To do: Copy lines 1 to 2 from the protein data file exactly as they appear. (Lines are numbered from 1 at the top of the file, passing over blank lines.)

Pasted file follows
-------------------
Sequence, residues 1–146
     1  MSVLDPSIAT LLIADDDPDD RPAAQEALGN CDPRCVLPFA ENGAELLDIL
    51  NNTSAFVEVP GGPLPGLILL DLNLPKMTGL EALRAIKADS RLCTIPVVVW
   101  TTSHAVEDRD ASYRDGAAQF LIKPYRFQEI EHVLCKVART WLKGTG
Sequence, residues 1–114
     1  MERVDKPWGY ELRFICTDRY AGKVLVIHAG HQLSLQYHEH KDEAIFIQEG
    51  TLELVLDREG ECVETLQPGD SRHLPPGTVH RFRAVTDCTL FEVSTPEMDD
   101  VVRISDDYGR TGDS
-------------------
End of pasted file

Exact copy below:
Sequence, residues 1–146
     1  MSVLDPSIAT LLIADDDPDD RPAAQEALGN CDPRCVLPFA ENGAELLDIL